Thinnest Lenses

Discussion in 'Optometry Archives' started by Jim Wilkinson, Sep 15, 2003.

  1. I want to get new eyeglasses, but I want to have the lenses be as thin
    as possible.

    I currently have polycarbonate lenses, but they're still quite thick.
    The thickness creates a white ring on the bottom of my glasses.
    They're not quite "coke bottles," but they're also not very
    attractive. Ideally, I would like lenses that look practically
    invisible, and that can only be achieved with lenses that are no
    thicker than the frames I choose.

    Are the "featherwates plus" at lenscrafters, or the "microthins plus"
    at pearlevision the thinnest lenses. if not, what are my other
    options?

    - Jim
     
    Jim Wilkinson, Sep 15, 2003
    #1
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  2. Jim Wilkinson

    Mark A Guest

    Featherwate Plus is not really a particular lens, but a name that
    LensCrafters uses to confuse consumers. They buy these lenses from the major
    manufacturers, but it is sometimes difficult to get them to tell you exactly
    what it is. The lens used for the Featherwate Plus has changed over the
    years, but as of about a year ago, they were polycarbonate. Many of the
    LensCrafters sales people are so stupid, they don't even know what
    polycarbonate is, much less that it is used in the Featherwaite Plus.

    Polycarb is 1.59 index. But you probably want a 1.67 or 1.70 index lens. The
    higher the index the thinner the lens, but the worse the optical qualities.
    The one major exception is polycarb, which has even worse optics than a 1.70
    lens.

    You will probably need to go to an independent optical store or optometrist
    and ask for a name brand very high index lens (1.67 or 1.70). Expect to pay
    a lot more than you would at Lenscrafters or Pearle. But you might try
    Wal-Mart/Sams or Costco to see what they have available in that index. Hoya
    is one company that makes a good quality 1.70 index lens material called
    1.70 EYRY, but you may have to search for someone who will order a Hoya lens
    (use the yellow pages and phone them). Do not expect less than 1 week
    turnaround for a very high index lens.

    Make sure you do not get you lens edges polished. That is what causes the
    white ring on the bottom. They don't tell you this because the "extras" like
    polishing are very profitable to the optician.

    Maybe you need laser eye surgery to get a lens as thin as you want.
     
    Mark A, Sep 15, 2003
    #2
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  3. Jim Wilkinson

    Mark A Guest

    Is that available in the US?
     
    Mark A, Sep 15, 2003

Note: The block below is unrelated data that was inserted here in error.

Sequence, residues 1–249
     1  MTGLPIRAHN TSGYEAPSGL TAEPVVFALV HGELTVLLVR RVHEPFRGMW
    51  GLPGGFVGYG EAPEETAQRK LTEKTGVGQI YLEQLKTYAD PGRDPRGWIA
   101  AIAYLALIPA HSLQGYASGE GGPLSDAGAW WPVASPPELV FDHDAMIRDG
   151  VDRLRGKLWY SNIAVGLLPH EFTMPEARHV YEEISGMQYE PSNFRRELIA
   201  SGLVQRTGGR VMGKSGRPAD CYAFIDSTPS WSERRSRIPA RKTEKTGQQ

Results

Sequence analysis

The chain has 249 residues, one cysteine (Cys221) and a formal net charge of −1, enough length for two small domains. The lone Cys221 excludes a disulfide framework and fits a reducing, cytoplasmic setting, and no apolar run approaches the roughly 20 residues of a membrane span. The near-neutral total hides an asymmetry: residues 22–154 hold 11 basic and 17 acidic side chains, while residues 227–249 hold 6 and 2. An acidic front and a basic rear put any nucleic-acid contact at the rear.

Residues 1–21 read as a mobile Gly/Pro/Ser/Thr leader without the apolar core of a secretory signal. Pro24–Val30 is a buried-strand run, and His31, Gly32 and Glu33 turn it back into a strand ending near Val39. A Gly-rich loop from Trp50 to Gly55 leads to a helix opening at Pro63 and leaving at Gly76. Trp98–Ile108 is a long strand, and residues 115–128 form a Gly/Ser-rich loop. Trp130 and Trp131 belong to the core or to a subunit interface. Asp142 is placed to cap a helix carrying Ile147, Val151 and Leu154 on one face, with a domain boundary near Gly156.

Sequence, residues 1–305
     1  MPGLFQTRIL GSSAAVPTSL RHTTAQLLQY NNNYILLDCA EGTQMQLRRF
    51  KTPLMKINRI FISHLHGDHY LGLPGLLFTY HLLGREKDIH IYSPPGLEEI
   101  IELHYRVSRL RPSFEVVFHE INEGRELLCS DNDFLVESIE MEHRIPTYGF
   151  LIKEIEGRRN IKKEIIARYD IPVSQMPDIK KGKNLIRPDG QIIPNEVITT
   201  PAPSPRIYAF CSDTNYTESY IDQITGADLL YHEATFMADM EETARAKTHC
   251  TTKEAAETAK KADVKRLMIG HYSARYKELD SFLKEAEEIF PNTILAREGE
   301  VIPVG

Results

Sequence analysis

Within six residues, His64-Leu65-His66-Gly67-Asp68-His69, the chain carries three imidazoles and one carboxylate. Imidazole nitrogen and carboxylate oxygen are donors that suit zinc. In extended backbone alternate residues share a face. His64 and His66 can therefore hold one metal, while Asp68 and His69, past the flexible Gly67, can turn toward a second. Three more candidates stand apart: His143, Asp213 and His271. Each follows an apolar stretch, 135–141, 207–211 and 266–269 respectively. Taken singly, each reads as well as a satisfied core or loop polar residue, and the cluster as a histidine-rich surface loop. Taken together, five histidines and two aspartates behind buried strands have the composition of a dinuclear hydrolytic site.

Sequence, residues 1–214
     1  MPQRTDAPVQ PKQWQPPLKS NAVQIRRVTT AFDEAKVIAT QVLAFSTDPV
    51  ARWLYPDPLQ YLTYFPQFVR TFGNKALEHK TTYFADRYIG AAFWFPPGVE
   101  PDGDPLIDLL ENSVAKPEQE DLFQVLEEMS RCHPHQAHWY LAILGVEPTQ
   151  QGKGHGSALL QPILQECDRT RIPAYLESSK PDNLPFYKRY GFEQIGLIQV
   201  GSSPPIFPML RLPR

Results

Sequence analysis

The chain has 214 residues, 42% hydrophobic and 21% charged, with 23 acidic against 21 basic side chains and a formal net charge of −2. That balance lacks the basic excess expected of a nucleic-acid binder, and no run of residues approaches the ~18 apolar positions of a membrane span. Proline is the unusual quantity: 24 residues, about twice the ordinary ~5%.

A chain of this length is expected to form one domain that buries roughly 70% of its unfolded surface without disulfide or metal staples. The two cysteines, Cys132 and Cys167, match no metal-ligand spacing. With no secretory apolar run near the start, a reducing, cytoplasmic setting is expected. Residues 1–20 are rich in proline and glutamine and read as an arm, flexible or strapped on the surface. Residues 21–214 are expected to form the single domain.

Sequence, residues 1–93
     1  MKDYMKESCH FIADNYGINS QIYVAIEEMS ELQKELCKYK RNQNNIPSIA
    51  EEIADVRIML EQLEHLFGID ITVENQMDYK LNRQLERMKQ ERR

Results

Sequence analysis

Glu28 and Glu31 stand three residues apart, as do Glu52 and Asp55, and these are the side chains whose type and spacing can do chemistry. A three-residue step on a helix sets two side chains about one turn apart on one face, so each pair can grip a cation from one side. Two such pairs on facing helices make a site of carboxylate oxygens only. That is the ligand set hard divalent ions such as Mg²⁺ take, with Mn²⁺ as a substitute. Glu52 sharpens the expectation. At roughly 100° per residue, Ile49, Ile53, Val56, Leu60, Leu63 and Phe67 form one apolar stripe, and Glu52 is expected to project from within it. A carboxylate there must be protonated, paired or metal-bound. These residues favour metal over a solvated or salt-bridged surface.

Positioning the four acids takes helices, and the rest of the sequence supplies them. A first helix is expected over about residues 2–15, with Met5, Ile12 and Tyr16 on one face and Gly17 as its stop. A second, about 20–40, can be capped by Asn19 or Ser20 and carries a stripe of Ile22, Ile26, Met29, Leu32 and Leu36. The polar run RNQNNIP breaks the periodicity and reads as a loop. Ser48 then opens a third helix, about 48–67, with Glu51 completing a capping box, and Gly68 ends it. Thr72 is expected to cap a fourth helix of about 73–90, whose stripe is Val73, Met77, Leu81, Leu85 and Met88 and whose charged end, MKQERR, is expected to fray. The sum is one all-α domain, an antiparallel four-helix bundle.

#3
  4. Jim Wilkinson

    S Akky Guest

    Thomas Hofmann put fingers to keyboard and typed...
    Small typo there, stylis is 1.67, thinnest plastics are 1.74 ;-)
     
    S Akky, Sep 15, 2003
    #4
  5. Jim Wilkinson

    Terry Horton Guest

    I have a pretty strong rx (about -3s -3c in the worst eye) and lenses
    of three indexes - Hoya Phoenix 1,53, Sola Vizio 1.66, Hoya Eyry 1.70.

    The difference between the 1.53 and the other two is fairly dramatic.
    But it's in a 54mm sunglass frame, and as Dr. Tyner mentions, a larger
    lens diameter results in greater edge thickness. Were this lens's
    thickness not masked by the frame I would consider it unacceptable in
    my rx.

    The 1.70 and 1.66 are very close in edge thickness in identical 52mm
    drill-mount frames. I have a second Vizio 1.66 in the same frame but
    at 48mm diameter, and the difference in edge thickness relative to the
    52mm is significant. I would not want to go higher than 52mm in my
    rx, but find the few extra mm of lens and slightly wider bridge of the
    52mm a good optical compromise for the slight extra thickness.

    Ask for the brands you read about in this forum by name.
     
    Terry Horton, Sep 15, 2003
    #5
  6. Hi Robert,

    Your response was helpful. who does a better job with the
    anti-reflective lenses? lenscrafters or pearlvision? also, what's a
    "straight back" bevel? I don't know what that means.

    I can't seem to find my prescription, but I'll post it as soon as I
    do.

    Thanks,
    Jim
     
    Jim Wilkinson, Oct 3, 2003
    #6
  7. Jim Wilkinson

    Mark A Guest

    Probably neither. The best AR coating is put on at the lab by the major lens
    manufacturers such as Sola, Pentax, Zeiss, etc. Crizal is also a good
    coating available on Essilor and some other products. But the chain stores
    usually use a cheaper no-name AR coating.
     
    Mark A, Oct 3, 2003
    #7
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